Legs Cross facts for kids
Legs Cross is an Anglo-Saxon cross in the parish of Bolam, County Durham, England, about 4 miles (6.4 km) north of Piercebridge on the Pilgrims' Way (the modern B6275 and the old Roman road of Dere Street). It is a Grade II* listed structure, and scheduled as an ancient monument.
It was probably erected in the 9th century.
The sandstone cross is now eroded to an 2.6 metres (8 ft 6 in) high obelisk-like structure, on a triangular base. Some interlaced patterning remains.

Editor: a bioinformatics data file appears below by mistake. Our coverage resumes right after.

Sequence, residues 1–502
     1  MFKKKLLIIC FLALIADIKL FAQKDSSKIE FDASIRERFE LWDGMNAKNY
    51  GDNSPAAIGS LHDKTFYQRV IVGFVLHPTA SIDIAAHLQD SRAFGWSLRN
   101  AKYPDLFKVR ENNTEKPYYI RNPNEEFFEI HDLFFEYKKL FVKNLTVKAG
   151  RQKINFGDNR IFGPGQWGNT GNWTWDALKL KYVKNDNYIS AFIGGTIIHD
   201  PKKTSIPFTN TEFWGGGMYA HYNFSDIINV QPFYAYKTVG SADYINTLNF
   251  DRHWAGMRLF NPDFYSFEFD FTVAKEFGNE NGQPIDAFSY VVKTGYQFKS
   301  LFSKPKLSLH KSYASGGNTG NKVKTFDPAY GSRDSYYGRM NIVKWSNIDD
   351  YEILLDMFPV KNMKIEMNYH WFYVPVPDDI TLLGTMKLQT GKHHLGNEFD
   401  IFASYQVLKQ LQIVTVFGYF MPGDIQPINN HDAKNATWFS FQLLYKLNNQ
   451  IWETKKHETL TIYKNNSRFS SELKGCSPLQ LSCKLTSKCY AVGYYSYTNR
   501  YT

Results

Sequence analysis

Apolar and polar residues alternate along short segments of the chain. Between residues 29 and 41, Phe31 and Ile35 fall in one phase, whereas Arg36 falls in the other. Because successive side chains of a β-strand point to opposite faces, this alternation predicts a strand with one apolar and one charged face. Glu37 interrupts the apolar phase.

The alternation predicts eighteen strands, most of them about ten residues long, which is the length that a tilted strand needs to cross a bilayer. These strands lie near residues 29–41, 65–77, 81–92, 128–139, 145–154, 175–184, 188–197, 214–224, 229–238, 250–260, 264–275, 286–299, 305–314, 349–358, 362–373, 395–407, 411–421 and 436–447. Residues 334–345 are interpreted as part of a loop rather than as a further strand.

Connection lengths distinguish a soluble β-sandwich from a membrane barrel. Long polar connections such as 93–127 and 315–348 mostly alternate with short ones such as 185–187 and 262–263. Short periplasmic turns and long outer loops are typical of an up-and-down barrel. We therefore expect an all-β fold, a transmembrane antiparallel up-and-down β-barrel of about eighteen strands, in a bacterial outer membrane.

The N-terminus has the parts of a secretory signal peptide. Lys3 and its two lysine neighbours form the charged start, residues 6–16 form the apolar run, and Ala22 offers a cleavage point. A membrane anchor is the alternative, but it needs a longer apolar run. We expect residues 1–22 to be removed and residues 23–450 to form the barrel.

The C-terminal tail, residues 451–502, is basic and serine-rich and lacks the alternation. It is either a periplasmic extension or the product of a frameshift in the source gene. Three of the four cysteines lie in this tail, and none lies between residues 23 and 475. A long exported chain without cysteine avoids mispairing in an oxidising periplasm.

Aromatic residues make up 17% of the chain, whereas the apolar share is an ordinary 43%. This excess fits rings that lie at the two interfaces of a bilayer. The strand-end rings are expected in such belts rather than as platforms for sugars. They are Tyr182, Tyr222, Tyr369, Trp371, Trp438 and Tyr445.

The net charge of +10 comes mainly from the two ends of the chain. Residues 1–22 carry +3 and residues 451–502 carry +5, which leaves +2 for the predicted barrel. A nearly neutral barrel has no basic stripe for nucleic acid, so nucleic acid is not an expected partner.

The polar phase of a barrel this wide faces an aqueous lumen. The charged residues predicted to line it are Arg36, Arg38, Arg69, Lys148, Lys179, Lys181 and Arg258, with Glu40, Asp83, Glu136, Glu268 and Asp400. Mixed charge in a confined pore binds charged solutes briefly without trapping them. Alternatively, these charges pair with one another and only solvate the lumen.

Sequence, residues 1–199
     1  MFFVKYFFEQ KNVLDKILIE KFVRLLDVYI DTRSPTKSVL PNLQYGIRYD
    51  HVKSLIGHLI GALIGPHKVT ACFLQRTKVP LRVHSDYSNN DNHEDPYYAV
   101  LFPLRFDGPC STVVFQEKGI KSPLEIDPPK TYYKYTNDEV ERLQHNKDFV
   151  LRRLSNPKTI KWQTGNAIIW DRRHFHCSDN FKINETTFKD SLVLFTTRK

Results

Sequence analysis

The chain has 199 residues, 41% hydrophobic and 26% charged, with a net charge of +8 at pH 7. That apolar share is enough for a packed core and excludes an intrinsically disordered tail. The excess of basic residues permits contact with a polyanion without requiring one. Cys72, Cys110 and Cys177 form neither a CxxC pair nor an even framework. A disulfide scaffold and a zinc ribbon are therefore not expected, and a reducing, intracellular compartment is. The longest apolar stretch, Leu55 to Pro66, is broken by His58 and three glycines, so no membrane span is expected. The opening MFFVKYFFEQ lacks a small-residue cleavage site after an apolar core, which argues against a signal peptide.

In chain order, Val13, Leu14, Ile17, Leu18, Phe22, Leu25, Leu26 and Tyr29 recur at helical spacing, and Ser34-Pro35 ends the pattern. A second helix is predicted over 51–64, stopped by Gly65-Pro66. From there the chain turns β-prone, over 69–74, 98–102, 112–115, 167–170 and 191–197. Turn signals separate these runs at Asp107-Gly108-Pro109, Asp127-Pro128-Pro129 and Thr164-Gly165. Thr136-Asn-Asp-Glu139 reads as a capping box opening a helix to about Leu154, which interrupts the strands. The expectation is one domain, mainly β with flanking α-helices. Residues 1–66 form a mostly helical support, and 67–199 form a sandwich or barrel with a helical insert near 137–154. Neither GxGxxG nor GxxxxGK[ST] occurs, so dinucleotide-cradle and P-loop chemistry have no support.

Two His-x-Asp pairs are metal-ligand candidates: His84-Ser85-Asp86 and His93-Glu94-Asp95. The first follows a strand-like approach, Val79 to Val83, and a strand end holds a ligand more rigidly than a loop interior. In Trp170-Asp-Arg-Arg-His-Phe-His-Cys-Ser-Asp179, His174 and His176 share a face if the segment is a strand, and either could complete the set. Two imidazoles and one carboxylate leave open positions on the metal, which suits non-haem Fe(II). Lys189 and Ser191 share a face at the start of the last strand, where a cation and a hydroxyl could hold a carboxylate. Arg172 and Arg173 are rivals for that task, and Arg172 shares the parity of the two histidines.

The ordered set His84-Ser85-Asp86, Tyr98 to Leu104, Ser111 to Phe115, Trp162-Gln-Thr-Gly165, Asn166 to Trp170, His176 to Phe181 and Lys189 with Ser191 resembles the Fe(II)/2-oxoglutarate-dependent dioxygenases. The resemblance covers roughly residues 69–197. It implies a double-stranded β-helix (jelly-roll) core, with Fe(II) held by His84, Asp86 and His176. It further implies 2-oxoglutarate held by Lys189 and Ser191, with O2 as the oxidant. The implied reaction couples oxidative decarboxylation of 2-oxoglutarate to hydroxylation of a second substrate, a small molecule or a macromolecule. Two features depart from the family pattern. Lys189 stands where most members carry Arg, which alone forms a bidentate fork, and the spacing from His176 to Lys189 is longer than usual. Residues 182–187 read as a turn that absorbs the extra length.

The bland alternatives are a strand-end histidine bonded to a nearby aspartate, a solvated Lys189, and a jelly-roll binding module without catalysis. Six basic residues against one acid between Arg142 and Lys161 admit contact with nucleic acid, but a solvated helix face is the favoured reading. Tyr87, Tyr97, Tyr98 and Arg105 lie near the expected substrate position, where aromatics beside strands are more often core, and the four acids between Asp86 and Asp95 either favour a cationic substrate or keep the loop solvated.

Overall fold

Although it once had an inscription reading "LEG", giving rise to the name. It has been suggested that the cross was constructed from Roman masonry (nearby Piercebridge was once the site of a Roman fort) and that the inscription may have originally celebrated the 20th Legion (LEGIONIS).
Other theories for the origin of name include the fact that "legge" is the Anglo-Saxon word meaning "boundary." It has been also suggested that James VI of Scotland (later James I of England) rested here, with his legs crossed, on his way south to claim the English throne.
Legs Cross Facts for Kids. Kiddle Encyclopedia.